Considering. 1998. [G. It is. must perforce stand. From the undisputed facts in this case and from the facts and conditions that very probably cannot be charged hereafter.876. 1998. however. (Metro Concast Steel Corp.‖ After 27 years. No. it is our present opinion that such action is itself prescribed. [December ||| 4. 2013]. In this regard.R. The mortgage in question. The fact of the matter is that petitioners' loan obligations to AlliedBank remain subsisting for the basic reason that the former has not been able to prove that the same had already been paid 41 or. 722 PHIL 698-710) Seone v. The obligation seems to leave the duration of the period for the payment thereof to the will of the debtor. The rest of the appellate court's dispositions stand. Franco. extinguished. they being separate and distinct sources of obligation. 177921 (Resolution). ISSUE: Whether or not the creditor may demand immediate performance of the obligation. Ordinarily when an action of this sort is dismissed the plaintiff may at once begin his action for the purpose of fixing a date upon which the instrument shall become due. nothing has been paid either of the principal or of the interest. 1998. which is to secure the payment of the sum of P4. Such being the case. concur. the computation of the applicable interests and penalty charges should be reckoned only from such date. The Decision dated February 12.01. thatAllied Bank's extra-judicial demand on petitioners appears to have been made only on December 10. Velasco. that the obligation is not due and payable until an action has been commenced by the mortgagee against the mortgagor for the purpose of having the court fix the date on and after which the instrument shall be payable and the date of maturity is fixed in pursuance thereof. 2007 of the Court of Appeals in CA-G. HELD: In such cases this court has held. Carpio. The judgment was affirmed. holding that the right of action upon the mortgage debt which was the basis of the claim presented against the plaintiff’s estate had already prescribed. It appears also that it was the intention of the instrument to give the debtor time within which to pay the obligation. No. * Brion and Perez. the debtor agreeing to pay the sum ―little by little.relation to the performance or breach of the subject loan transactions. 86896 are hereby AFFIRMED with MODIFICATION reckoning the applicable interests and penalty charges from the date of the extrajudicial demand or on December 10. JJ. 124922. 2007 and Resolution dated May 10.R. clear that this action is premature.. in any way. on several occasions. petitioners' liability. WHEREFORE.R.. Allied Bank Corp. The instrument has been sued upon before it is due. Until such action was prosecuted no suit could be instrument. as action should have been brought for the purpose of having the court set a date on which the instrument should become due and payable. Jr. 24 Phil 309 FACTS: This is an appeal from a judgment of the Court of First Instance of Zamboanga in favor of the plaintiff. with cost against the appellant. as adjudged by the CA.. TcEAIH SO ORDERED. CV No. G. v. the petition is DENIED. therefore. June 22. The action must accordingly be dismissed. given that there is no date stipulated by the parties as to when it should become due and payable.] .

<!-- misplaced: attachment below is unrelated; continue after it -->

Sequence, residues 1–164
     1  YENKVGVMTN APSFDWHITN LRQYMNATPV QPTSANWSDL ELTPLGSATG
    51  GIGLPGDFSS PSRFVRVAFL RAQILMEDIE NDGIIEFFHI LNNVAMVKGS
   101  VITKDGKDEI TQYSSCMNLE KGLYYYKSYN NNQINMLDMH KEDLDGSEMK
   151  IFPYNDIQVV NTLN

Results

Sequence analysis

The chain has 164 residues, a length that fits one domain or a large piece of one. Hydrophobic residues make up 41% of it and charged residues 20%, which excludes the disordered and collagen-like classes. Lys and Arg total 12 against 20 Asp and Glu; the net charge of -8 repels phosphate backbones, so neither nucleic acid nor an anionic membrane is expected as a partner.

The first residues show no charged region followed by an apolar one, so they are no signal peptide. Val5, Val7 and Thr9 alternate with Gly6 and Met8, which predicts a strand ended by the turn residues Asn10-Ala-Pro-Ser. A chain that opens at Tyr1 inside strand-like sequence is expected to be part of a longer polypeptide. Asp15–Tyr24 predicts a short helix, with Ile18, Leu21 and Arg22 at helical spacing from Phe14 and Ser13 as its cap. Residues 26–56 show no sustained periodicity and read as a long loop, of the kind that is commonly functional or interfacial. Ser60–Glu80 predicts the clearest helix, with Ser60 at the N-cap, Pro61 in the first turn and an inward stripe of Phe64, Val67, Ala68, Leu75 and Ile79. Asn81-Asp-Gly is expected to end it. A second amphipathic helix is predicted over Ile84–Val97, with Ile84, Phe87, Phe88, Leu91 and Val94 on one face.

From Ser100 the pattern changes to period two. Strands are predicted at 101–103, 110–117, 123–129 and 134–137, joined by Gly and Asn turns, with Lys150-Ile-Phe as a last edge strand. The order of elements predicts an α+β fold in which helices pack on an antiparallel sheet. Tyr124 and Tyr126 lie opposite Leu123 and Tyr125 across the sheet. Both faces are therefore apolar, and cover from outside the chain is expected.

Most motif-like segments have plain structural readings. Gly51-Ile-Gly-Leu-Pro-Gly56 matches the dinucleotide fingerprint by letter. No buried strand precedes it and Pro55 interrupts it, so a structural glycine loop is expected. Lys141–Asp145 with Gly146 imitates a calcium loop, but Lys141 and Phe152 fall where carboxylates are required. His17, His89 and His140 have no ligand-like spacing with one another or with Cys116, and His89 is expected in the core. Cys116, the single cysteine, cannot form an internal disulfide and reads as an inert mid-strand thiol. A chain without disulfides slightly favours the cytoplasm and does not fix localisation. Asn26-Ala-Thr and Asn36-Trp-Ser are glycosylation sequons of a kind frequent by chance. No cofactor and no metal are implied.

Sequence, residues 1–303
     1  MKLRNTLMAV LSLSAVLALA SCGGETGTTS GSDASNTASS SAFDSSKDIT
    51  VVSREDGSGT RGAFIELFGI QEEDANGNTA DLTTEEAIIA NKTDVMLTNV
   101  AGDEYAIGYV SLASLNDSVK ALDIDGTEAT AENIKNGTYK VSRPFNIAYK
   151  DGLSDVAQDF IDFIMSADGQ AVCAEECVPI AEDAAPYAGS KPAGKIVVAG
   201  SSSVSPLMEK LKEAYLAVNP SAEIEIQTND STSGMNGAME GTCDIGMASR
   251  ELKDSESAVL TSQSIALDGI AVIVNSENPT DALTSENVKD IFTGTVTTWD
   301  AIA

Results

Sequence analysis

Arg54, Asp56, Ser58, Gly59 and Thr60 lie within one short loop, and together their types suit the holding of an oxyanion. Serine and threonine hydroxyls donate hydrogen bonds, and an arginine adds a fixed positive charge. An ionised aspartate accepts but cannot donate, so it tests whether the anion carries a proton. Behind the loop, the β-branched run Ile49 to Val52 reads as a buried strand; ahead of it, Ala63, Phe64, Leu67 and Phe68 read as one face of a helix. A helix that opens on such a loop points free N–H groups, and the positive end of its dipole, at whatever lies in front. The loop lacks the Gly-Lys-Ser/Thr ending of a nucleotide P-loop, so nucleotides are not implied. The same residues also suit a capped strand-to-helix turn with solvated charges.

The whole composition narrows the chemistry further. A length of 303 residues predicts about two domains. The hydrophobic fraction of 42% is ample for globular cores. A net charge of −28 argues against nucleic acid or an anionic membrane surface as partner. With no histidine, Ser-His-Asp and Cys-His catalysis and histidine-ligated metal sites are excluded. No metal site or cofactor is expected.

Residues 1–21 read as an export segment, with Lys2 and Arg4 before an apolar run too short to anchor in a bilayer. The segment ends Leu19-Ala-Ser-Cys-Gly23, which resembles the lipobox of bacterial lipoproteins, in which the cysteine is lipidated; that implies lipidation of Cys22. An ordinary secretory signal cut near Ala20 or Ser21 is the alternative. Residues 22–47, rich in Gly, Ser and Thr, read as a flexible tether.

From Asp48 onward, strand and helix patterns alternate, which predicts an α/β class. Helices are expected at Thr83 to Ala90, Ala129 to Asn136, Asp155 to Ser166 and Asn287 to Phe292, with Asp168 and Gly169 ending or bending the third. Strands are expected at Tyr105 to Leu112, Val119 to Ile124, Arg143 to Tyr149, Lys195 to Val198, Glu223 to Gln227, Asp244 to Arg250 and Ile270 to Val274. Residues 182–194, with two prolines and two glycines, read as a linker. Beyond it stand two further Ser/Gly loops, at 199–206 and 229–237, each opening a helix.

the latter undertaking to return the vehicle on July 21. BURDEN OF PROOF. JIMMY CO. petitioner. the latter could not release the vehicle as its battery was weak and was not yet replaced. Samson S. It ruled that the vehicle was lost due to a fortuitous event. Article 1165 of the New Civil Code makes an obligor who is guilty of delay responsible even for a fortuitous event until he has effected the delivery. Parungao for petitioner. petitioner entrusted his car to private respondent for some repair including battery replacement. 1990. 1990. doing business under the name & style DRAGON METAL MANUFACTURING. EVIDENCE. respondents. When petitioner sought to reclaim his car in the afternoon of July 24. RESTS ON HIM WHO INVOKES FORTUITOUS EVENT. In accordance with the Rules of Evidence. SYNOPSIS On July 18. the Supreme Court held that carnapping per se cannot be considered as a fortuitous event. Lorenzo G.. the Court of Appeals reversed the lower court's ruling. However. vs. carnapping entails more than the mere forceful taking of another's property. — It is a not a defense for a repair shopof motor vehicles to escape liability simply because the damage or loss of a thing lawfully placed in its possession was due to carnapping. On appeal. Carnapping per se cannot be considered as a fortuitous event. the burden of proving that the loss was due to a fortuitous event rests on him who invokes it. COURT OFAPPEALS and BROADWAY MOTOR SALES CORPORATION. Alcantara for private respondent. found the latter guilty of delay in the performance of its obligation and held it liable to petitioner for the value of the lost vehicle and its accessories plus interest and attorney's fees. Even assuming arguendo that carnapping was duly established as a fortuitous event. To be considered as such. It must be proved and established that the event was an act of God or was done solely by third parties and that neither the claimant nor the person alleged to be negligent has any participation. he was told that it was carnapped earlier that morning while being road-tested by an employee of private respondent. SYLLABUS DACcH 2. The fact that a thing was unlawfully and forcefully taken from another's rightful possession. the battery was not installed and the delivery of the car was rescheduled to July 24. The RTC. does not automatically give rise to a fortuitous event. It must be proved and established that the event was an act of God or was done solely by third . In reversing the Court of Appeals. as in cases of carnapping. Left with no option. Hence this petition for review. 1990. still private respondent cannot escape liability. 1990. ID. To be considered as such. 1990 fully serviced and supplied in accordance with the job contract. carnapping entails more than the mere forceful taking of another's property. in a suit for damages filed by petitioner against private respondent. But came July 21. petitioner himself bought a new battery nearby and delivered it to private respondent for installation on the same day.